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Thread: Will a hospital grade pump help increase supply?

  1. #11
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    Default Re: Will a hospital grade pump help increase supply?

    1-2 ounces per pumping session is very normal for a 5 week old baby. Tiny babies have tiny tummies...about the size of their little fists...so they prefer short, frequent feedings. If baby is exclusively breastfeeding, healthy, gaining well, etc, and you are able to pump 1-2ounces per session on top of that, I would say that your supply is good.

    Tiana

  2. #12
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    Default Re: Will a hospital grade pump help increase supply?

    Unfortunatly, she does not go to breast at all. 1-2 ounes is all I get.

  3. #13
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    Default Re: Will a hospital grade pump help increase supply?

    Erin ,

    1-2oz is still okay...how often are you pumping, and for how long? If baby isn't nursing at all yet, most mothers need to pump at least 10-12 times per day. May I ask what has happened that baby isn't nursing at all? Do you have any local help in encouraging her to take the breast? (A local LLL leader or IBCLC?)

    You might want to post in the relactation/induced lactation forum. There are some very kind ladies over there that are working at getting their supplies up and encouraging baby to latch onto the breast. It sounds like you could really use the support.

    Hang In There. You really are doing a great job, mama.

    Tiana

  4. #14
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    Default Re: Will a hospital grade pump help increase supply?

    Hello,

    Here is what I posted on my other posting. I pump every 2-3 hours averaging 9-11 pumps a day. I use the Medela PIS advanced.

    Hello,

    I am hoping I can get some help and encouragement here. My beautiful daughter is 5 weeks old and is currently bottle-fed expressed breast milk. When she was born, she had a low birth weight (5lbs 5.7ounces) and was given a bottle in the nursery (GRRR!) and since then has never been able to latch for a full feeding. I had a lactation consultation and was told that she had a small mouth, improper suck, my nipples are big, she is a biter, she is used to the instant gratification, and has minor breast aversion. The lactation consultant said she might be able to latch after she gets bigger. Therefore, I have come to terms that I may just have to pump and feed her the breast milk that way.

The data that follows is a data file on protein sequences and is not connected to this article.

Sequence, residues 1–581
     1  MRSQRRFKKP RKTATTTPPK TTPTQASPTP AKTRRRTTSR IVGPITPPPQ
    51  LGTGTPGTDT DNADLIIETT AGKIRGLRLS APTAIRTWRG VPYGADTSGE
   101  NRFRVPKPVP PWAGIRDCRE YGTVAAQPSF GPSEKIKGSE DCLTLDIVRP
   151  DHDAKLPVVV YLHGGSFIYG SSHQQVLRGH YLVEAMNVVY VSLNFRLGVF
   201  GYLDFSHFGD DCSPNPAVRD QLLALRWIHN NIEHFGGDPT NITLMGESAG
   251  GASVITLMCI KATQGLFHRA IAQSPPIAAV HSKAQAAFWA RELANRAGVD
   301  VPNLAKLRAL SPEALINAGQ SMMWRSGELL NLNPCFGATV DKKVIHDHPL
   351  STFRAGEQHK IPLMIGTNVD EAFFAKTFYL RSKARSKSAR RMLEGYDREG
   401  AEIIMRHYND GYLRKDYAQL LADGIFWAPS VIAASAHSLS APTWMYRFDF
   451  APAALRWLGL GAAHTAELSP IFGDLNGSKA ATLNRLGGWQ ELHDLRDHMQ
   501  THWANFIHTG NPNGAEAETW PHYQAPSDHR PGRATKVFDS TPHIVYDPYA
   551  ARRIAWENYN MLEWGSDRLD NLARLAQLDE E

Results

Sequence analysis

However, my milk supply seems very low for how far post partum I am. In the morning, I will get an ounce out of each breast and during the day, I get 1 and half ounces combined. My daughter currently takes 3-4 ounces every 3-4hours (I sometimes have to supplement with formula (cringe!). I pump every 2-3 hours, have tried fenugreek, oatmeal, massaging, warm cloths, showering right before and never seem to get any more. I am afraid that I will have to stop pumping soon to save my sanity.

    In addition, I may have thrush. My nipples are pink, sometimes itchy, breasts are warm to touch, small spots on them and I occasionally get a sharp shooting pain in them. My doctor gave me some Nystatin cream but so far not much progress. I am not sure how I would have thrush since she barely latches (she also has no symptoms)…but I did have to take antibiotics for a bladder infection right at delivery.

    I also think my flange may be too small, I currently use the 30mm size but my nipples rub against the sides. I tried using the 36mm but the Lactation consultant thought that they may be too big!

    I know this is a lot…but I am so ready to give up! HELP!!!

  5. #15
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    Default Re: Will a hospital grade pump help increase supply?

    How long have you been using the Nystatin cream on your nipples? If it's been longer than a day or two, you would probably have seen some progress by now if it were thrush. If you think your pump flange is too small, that could be causing the nipple trauma. You might want to call the company you purchased your pump from. They may be able to help you figure out if it is indeed the size of the pump flange that is causing your troubles (too small a flange can lead to low supply, too) and help you determine what size you do need.